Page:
How to Avoid Cabbage Worms

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Credit: https://dengarden. Com/gardening/natural-ways-to-control-cabbage-worms

How to avoid cabbage worms. Growing cabbage may be a pretty pleasant endeavor. When cabbage is harvested after the winter only to find that cabbage worms have been chewing on it, it is disappointing. It’s crucial to monitor your cabbage crop, identify pests, and act quickly to get rid of cabbage worms. They can significantly damage your entire crop if you don’t control them.

Another factor to be wary of is the fact that they don’t just attack cabbage plants. They also consume Brussels sprouts, mustard greens, and radishes. Knowing what to do is your first line of defense against these infamous worms.

The larval stage of both the little white butterfly, often known as the cabbage white butterfly, and the enormous white butterfly is the cabbage worm. They are common in the world’s temperate zones and were first discovered in North America in 1860.

It spread rapidly to other regions of the continent, and by 1886, it had made considerable inroads into the states along the Rocky Mountain and Gulf coasts. Although it sometimes affects other plants, such as brassica crops, especially those that are members of the mustard family, the cabbage worm is primarily a pest of cabbage.

The imported cabbage worm and its close relative, the cabbage looper, are commonly found where there are brassicas. They have multiple life cycles each year and are particularly dangerous in areas with consistent, temperate weather.

Recognizing Damage from Cabbage Worms

We can identify cabbage worms and the damage they do by keeping an eye out for cabbage worms on our plants or cabbage butterflies hovering at the base of plants.

The remains of the insects’ meals can be utilized to locate them. In the areas where they consume, they leave behind spherical, dark greenish-brown excrement. In this case, there are probably going to be holes in the leaves, cabbage heads, or whatever crop you are growing.

You might think this is not a big concern because cabbage heads develop in layers of thick leaves. Worms may, however, bore through heads by devouring a series of randomly shaped holes in leaves. Another indication that you have a cabbage worm issue is the presence of eggs. They often have ridges down the sides, are elongated, light or yellowish, and have a point at the top.

How to Avoid Cabbage Worms

Cultural Influence

There are numerous risk-free natural treatments and precautions you may take to prevent cabbage worms.

  • Plant defenses. Garlic, allium, thyme, tomatoes, onions, sage, borage, nasturtium, tansy, and rosemary are known to avoid cabbage worms.
  • Bring in predators of insects. Grow flowering plants and herbs to attract neighborhood predators. To get rid of these worms, you can draw in other insects, including wasps, yellow jackets, ground beetles, and spiders. The braconid wasp will eat little caterpillars all day long.
  • Luring avian predators to your area. If you can attract certain birds to your yard, such as house sparrows, skylarks, and goldfinch skylarks, which are some of their predators, you may be able to enlist their help.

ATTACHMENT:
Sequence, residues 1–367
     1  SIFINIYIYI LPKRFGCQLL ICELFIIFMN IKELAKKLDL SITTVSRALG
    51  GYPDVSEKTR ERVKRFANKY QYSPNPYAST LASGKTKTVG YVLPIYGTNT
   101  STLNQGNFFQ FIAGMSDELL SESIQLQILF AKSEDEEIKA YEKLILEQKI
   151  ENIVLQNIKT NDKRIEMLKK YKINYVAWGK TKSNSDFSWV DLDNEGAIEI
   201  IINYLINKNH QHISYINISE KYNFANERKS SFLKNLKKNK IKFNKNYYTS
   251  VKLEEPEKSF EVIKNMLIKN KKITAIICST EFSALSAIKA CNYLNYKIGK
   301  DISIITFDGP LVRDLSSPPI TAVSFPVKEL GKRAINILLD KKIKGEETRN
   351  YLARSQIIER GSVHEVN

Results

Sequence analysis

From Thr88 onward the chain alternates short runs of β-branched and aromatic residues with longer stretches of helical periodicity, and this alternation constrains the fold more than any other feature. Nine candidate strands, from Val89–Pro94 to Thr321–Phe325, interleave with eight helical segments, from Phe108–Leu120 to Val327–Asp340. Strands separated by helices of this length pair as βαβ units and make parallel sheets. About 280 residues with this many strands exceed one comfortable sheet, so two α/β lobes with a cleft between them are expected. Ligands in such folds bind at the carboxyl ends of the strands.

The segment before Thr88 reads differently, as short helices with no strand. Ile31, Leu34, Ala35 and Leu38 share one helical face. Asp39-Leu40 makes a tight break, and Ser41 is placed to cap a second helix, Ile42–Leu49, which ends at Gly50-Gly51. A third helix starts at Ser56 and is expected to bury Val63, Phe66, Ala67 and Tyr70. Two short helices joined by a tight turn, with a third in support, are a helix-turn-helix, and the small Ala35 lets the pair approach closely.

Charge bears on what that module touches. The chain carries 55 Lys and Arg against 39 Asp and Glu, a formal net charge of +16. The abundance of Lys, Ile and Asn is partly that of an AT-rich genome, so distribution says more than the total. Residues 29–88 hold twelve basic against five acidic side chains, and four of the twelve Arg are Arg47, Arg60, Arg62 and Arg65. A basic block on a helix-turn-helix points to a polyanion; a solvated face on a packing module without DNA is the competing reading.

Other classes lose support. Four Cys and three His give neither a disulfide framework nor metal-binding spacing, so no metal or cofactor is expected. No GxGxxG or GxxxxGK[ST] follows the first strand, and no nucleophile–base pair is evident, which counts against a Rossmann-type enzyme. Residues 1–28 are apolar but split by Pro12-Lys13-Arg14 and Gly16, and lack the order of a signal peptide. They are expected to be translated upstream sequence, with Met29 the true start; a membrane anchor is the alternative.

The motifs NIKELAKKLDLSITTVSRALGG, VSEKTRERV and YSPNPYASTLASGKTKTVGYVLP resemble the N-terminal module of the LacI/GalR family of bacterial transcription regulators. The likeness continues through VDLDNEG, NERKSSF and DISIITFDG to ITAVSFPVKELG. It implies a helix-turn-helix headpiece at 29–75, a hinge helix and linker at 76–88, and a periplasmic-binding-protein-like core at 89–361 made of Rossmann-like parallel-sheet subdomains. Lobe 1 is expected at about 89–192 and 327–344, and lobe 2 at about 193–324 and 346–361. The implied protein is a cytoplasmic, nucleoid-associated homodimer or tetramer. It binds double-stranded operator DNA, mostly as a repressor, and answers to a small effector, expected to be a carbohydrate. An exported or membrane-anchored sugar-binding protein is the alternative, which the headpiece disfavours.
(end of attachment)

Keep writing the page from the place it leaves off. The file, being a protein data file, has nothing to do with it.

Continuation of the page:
• Alternate harvests. Crop rotation will help to reduce insect populations in the future. This suggests that, on occasion, you cultivate a different species of plant in that region of your garden.
  • Eliminate plant debris. Remove any outdated or dead plants right away. In its pupal stage, the caterpillar will spend the winter among such plant debris.
  • Remove worms by hand once a week. Manual worm control can slow an outbreak down (but if your infestation is anything like the one I had on my kale last season, you will never win). Wear gloves and pick them off at least once every week. (You might smash them or put them in a jar with soapy water).
  • Cover your plants with netting. Put a thin layer of nylon cloth over the leaves of your plants to stop butterflies from depositing their eggs there. (Do this ahead of time, since the net may prevent worms from being consumed by their natural predator).
  • Use organic insecticides like cornmeal. There are many natural and organic applications. Sprinkle dry cornmeal or rye flour over moist leaves to kill the worms. They eat it, swell up, and finally die. Another choice is diatomaceous earth.

Biocontrol to avoid cabbage worms

What biological strategy may be used to control cabbage worms? The most popular and effective natural pest control strategy is the use of Bacillus thuringiensis kurstaki. It is often referred to as Bt or BtK in the business sector. By spraying this bacteria on your plants, you may prevent caterpillars and worms from eating your plants, but not the plants themselves.

There is also a powdered form of BtK if you’d prefer not to use the spray. The bacteria that the caterpillar consumes immediately develop a poison that reduces the worm’s desire to eat sprayed plants.  As a result, it stops eating and quickly perishes from starvation. Do this only if you can see the worms or their yellow eggs, since doing otherwise might result in the death of some beneficial butterfly larvae (like monarch caterpillars).

Neem oil may also be used to control cabbage worms. Given this, spraying your garden on a daily basis with a neem oil solution may help your plants become less tempting to pests. Neem oil often won’t get rid of cabbage worms if your plant is already infected.

Using Insecticides to Avoid Cabbage Worms

Apart from BtK, there aren’t many organic insecticides that can kill cabbage worms while they’re feeding. Only for covering and smothering cabbage butterfly eggs can neem oil be useful. Only early in the day, before dawn and peak pollinator activity, should neem be sprayed on flowering plants. An option for this time frame is just before nocturnal pollinators start to appear.

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